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Asian-American Band Can’t Trademark “The Slants”

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The Slants Pageantry

Image courtesy of press release

The U.S. Patent and Trademark Office (USPTO) has once again denied the trademark application of Portland-based dance-rock band The Slants because it says the name “consists of or comprises immoral, deceptive, or scandalous matter; or matter which may disparage. . .” in reference to the term “slant” as a derogatory term for someone of Asian descent. This was the group’s appeal from a previous rejection.

The above-quoted statutory language comes from Section 2(a) of the 1946 Trademark Act and is a “relatively uncommon” reason cited for trademark denial according to Cynthia Lynch, administrator for trademark policy and procedure (quoted at Oregon Live). But that fact doesn’t much comfort The Slants, made up of four Asian-Americans who play for largely Asian-American crowds.

According to a press release from the band, The Slants are “widely known as an advocate for Asian American rights, being involved with numerous API [Asian and Pacific Islander] organizations and charities. The Slants have traveled throughout North America presenting racial justice workshops, inspiring youth to reconsider stereotypes of Asian Americans, and to take pride in their cultural heritage.”

The group also noted the common use of the term within the API community such as in “The Slant Film Festival, a documentary of Hollywood racism entitled ‘The Slanted Screen,’ Chicago Asian American TV show ‘The Slant,’ and popular Asian magazine, ‘Slanted.’”

In addition, the Slants have the support of several prominent Asian-American groups and individuals, including Mari Watanabe, executive director of the Oregon Nikkei Endowment, who wrote, “This use does not disparage Asian identity; it celebrates it.”

The Slants maintain that “[t]he determination of whether a specific term or phrase is disparaging can only be made from the point of view of the referenced minority group.”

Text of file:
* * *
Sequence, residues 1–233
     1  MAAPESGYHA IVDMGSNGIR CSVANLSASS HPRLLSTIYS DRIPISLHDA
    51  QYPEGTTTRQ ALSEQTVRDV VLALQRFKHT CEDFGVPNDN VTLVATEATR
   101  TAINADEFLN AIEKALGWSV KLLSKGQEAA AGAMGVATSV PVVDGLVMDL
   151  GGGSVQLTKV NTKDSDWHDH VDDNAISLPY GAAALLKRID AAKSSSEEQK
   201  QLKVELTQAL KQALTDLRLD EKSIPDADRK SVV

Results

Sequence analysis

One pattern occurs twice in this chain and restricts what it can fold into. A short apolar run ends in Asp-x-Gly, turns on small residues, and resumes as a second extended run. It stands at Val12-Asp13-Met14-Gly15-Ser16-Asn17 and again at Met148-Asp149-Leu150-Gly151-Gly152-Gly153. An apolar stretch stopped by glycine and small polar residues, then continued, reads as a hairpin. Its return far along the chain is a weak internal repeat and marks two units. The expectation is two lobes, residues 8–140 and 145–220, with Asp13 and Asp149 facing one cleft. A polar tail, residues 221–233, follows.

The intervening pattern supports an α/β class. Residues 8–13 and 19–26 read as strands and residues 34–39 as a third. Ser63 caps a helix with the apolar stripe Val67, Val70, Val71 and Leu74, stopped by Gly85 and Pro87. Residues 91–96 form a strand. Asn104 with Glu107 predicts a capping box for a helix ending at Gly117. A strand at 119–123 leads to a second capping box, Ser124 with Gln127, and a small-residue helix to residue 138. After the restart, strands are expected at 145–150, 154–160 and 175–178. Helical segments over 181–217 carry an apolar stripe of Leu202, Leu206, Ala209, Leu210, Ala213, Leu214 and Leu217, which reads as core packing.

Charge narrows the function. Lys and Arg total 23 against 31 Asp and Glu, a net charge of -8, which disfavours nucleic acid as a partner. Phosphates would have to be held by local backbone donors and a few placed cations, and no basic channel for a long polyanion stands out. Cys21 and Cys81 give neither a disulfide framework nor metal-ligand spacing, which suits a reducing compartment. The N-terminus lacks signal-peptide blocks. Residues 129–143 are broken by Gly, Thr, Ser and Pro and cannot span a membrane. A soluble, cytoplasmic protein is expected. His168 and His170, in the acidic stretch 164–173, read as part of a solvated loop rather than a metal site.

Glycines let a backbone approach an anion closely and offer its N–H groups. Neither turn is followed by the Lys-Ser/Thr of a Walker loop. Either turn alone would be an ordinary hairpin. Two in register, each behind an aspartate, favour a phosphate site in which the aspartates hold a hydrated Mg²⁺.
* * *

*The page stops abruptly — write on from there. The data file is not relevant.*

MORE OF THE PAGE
But the USPTO found The Slants’ arguments and community support “unpersuasive,” calling the band’s efforts perhaps “laudable…[but] rarely does an article introduce the band without commenting on the controversial nature of the band’s name.” The office referenced wiki-articles that used or defined the term as derogatory as support for its decision.

But is Section 2(a) being applied consistently?

As noted by EmilyRose Johns of the American University Intellectual Property Brief, it seems interpretation of the provision is highly subjective as the Washington Redskins have been allowed to register their name even though Native American groups have actively protested it.

To be clear, there is certainly no law against the band using the name “The Slants”—and reportedly they have no plans on changing it—but what they have been denied is the legal protection and benefits that a registered trademark affords, including the right to bring a federal lawsuit for violations.

The Slants are planning another appeal.

What do you think about The Slants’ trademark request? Should it be granted or has the USPTO made the right call?

Want to learn more about this and similar cases? Check out this article on trademark refusal for scandalous, immoral, or disparaging marks.

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March 29th, 2011 at 9:11 am